Health risk perceptions of the COVID-19 pandemic and preventive behavior intention of wearing face masks

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2021-05
Authors
He, Yuxi
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Han, Gang
Wu, Huaiqing
Powers, Angela
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Journalism and Communication, Greenlee School of
Abstract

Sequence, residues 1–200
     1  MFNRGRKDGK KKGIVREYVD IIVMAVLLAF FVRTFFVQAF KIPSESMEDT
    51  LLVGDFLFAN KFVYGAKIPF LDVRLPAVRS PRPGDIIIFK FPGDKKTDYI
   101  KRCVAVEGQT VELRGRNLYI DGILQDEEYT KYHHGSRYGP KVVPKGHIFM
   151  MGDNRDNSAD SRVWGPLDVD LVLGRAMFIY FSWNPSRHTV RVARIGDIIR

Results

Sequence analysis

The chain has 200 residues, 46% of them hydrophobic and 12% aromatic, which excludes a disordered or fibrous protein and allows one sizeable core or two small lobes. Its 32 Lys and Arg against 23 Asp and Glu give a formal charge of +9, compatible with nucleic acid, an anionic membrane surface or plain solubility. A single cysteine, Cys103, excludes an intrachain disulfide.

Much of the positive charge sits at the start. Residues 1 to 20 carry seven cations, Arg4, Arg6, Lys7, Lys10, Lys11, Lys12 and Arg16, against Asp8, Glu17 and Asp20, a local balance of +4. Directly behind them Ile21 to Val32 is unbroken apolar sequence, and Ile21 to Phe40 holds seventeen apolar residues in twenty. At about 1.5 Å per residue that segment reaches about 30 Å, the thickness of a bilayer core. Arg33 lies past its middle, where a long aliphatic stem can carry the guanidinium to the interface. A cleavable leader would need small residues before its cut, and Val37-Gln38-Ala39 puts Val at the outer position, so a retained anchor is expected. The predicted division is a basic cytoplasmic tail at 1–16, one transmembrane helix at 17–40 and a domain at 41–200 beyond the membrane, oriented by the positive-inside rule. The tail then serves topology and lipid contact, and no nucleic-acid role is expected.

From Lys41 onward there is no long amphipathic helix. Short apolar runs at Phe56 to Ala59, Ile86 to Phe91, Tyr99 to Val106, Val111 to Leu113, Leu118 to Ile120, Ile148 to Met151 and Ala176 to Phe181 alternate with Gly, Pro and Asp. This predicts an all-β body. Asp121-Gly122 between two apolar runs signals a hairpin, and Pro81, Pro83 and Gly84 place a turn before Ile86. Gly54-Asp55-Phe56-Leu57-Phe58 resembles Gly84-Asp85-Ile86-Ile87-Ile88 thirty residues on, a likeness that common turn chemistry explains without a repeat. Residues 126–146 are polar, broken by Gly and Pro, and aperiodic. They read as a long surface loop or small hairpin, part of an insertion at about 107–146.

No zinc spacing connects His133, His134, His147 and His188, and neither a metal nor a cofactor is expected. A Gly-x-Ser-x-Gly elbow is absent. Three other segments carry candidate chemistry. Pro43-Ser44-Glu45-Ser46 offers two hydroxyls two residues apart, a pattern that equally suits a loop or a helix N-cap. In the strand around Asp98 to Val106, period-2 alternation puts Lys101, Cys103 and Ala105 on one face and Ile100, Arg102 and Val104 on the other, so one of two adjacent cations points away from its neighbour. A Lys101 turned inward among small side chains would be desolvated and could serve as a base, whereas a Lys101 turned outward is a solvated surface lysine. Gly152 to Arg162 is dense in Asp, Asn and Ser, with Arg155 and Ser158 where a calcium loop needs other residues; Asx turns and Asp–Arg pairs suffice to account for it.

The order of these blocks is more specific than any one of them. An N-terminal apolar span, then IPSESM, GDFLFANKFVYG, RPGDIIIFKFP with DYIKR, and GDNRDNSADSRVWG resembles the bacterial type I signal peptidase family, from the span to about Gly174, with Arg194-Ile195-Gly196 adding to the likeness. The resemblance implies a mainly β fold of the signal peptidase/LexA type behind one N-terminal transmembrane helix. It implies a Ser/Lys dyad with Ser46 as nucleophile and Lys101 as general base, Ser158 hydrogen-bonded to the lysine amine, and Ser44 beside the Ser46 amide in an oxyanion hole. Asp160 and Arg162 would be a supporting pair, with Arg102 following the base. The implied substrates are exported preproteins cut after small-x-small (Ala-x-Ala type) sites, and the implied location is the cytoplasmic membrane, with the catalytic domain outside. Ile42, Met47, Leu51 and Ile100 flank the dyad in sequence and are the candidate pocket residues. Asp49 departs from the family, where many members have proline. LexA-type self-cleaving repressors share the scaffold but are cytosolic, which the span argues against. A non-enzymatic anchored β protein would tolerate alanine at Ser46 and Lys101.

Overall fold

This thesis explored the factors that have influenced the preventive behavior intention of Coronavirus Disease 2019 (COVID-19) among college students in the U.S. Combining the Protective Motivation Theory and Health Belief Model, this study aims to investigate how risk perception (perceived severity and perceived vulnerability), and coping (perceived response efficacy and perceived self-efficacy), along with knowledge and trust in information sources, have led to preventive behavior intention concerning COVID-19. Data was collected from an online survey among the college adult students (1767 valid participants) at Iowa State University in the United States and on March 21s through April 1st, 2021. Survey results showed that perceived self-efficacy had a significant positive influence on preventive behavior intention, while knowledge, response efficacy, trust in information sources have a significant negative impact on preventive behavior intention. The theoretical and practical implications of study were then discussed.
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